Not using an approved English language test: The sponsored worker must meet the English language requirement, unless they are exempt. If they are required to take an English language test, it must be an approved test and the results must be provided with the application.
There are also ongoing responsibilities in relation to the upkeep of the licence:
Reporting requirements: Companies must report any changes to the sponsored worker’s circumstances. They must also report if the sponsored worker stops working for the company or if their employment is terminated.
Keeping records: Companies must keep records of the sponsored workers, including their personal details, qualifications, work experience, and right to work information. They must also keep records of the job vacancies being offered, the recruitment process, and the results of the right to work checks.
Carrying out right to work checks: Companies must carry out right to work checks on all sponsored workers before they start work, and must repeat the checks if the worker’s permission to work in the UK is due to expire. The checks must be done in accordance with Home Office guidance and must include checking the worker’s passport or other immigration documentation.
Monitoring the sponsored workers: Companies must monitor the sponsored workers to ensure that they are working in accordance with the conditions of their sponsorship. This includes ensuring that they are working in the role and location specified on their Certificate of Sponsorship, and that they are being paid the salary specified on the CoS.
Maintaining the Home Office’s Points-Based System (PBS) database: Companies must update the Home Office’s PBS database with information about the sponsored workers and the job vacancies being offered. This database must be updated in a timely manner, and the information must be accurate and up-to-date.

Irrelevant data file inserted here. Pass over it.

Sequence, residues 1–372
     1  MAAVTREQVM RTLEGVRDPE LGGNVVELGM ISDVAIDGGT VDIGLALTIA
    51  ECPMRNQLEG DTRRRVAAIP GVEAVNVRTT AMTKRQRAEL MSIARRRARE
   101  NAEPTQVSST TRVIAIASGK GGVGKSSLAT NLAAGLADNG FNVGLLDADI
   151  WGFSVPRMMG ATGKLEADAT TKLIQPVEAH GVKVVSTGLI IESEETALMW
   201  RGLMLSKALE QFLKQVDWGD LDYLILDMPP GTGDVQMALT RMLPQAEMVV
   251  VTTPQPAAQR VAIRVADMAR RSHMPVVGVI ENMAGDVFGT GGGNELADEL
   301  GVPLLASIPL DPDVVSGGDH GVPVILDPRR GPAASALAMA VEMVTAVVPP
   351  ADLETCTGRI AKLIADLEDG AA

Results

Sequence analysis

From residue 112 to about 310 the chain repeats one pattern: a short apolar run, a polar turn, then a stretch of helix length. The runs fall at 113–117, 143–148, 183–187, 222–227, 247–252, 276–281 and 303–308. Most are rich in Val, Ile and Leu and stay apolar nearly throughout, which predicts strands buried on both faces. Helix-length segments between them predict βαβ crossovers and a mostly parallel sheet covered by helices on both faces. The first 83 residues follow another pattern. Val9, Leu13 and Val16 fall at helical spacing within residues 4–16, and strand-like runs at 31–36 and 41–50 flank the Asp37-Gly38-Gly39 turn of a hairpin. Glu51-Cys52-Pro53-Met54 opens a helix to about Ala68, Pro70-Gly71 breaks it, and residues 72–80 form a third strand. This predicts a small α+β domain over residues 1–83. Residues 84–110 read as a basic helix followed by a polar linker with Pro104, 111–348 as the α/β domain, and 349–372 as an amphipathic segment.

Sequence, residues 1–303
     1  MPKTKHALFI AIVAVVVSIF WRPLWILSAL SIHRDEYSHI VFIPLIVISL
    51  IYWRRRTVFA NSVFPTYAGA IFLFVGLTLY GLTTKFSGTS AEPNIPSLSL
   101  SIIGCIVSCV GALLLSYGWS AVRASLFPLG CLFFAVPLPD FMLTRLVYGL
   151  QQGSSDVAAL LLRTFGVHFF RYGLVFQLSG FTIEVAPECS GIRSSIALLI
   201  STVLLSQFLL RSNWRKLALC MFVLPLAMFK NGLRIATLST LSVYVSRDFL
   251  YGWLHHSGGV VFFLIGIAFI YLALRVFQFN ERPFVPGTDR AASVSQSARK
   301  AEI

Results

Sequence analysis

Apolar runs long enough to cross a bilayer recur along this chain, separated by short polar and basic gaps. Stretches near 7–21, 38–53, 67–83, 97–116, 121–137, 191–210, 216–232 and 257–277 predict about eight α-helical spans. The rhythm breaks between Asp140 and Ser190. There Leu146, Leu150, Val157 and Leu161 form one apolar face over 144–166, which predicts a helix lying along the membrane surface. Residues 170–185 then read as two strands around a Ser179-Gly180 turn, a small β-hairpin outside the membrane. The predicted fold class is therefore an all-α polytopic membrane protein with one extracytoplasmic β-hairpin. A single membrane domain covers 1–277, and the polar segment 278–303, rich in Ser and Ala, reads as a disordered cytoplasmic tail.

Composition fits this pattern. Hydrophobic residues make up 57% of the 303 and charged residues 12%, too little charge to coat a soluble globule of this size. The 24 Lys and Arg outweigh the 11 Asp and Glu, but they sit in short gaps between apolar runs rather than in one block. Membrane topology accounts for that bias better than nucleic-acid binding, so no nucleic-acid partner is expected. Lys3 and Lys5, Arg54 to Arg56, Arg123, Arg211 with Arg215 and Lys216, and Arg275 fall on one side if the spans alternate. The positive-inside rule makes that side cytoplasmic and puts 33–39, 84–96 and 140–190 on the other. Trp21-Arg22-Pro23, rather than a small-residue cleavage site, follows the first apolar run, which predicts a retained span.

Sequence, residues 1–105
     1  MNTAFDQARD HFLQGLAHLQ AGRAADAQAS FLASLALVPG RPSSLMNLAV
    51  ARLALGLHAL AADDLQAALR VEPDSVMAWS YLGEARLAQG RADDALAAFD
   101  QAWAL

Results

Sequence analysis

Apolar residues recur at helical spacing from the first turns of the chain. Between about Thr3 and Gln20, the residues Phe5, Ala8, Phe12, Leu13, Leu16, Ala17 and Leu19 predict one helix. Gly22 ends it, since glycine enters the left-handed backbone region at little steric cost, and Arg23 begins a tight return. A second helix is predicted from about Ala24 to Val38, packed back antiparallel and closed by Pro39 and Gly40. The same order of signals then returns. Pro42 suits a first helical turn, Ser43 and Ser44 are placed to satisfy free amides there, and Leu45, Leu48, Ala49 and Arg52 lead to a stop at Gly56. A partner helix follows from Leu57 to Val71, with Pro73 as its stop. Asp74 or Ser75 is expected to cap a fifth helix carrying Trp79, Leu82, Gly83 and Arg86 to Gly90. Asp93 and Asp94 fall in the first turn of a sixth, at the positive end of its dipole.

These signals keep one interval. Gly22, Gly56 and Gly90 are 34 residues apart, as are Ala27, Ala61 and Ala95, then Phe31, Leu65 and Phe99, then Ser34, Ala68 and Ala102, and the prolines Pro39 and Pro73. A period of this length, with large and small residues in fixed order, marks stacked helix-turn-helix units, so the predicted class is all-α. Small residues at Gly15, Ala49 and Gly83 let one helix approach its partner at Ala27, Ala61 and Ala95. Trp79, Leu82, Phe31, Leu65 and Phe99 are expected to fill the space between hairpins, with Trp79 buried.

Failing to meet the responsibilities and obligations of holding a UK Home Office Sponsor Licence can have serious consequences for companies and their sponsored workers. Some of the potential consequences include:
Licence revocation: If a company fails to meet its obligations, the Home Office may revoke its Sponsor Licence. This means that the company will no longer be able to sponsor overseas workers in the UK.
Financial penalties: Companies that fail to meet their obligations may face financial penalties, including fines of up to £10,000 per illegal worker.
Civil penalties: Companies may also be liable for civil penalties if they are found to have employed illegal workers. The penalties range from £20,000 to £20,000 per worker.
Criminal convictions: In extreme cases, companies may face criminal convictions if they are found to have knowingly employed illegal workers.
Loss of reputation: Failing to meet the obligations of a Sponsor Licence can harm a company’s reputation and make it more difficult for the company to recruit overseas workers in the future.
Removal of sponsored workers: If a company’s Sponsor Licence is revoked, the sponsored workers may be required to leave the UK. They may also be banned from re-entering the UK for a period of time.
For many practice owners, the time required to read and understand the guidelines and the threat of penalties for making any mistakes can be off-putting.
That’s why we have spent the time in obtaining OISC (Office of the Immigration Services Commissioner) approval to provide immigration advice – so we can guide you through the application and sponsorship process and liaise with the Home Office on your behalf, to save you time and stress.
To offer more information and answer any questions you may have, we’re hosting a free webinar on Wednesday 15thMarch at 8pm. You can register here and a copy of the recording will be sent to you if you cannot make it.
Alternatively, get in touch firstname.lastname@example.org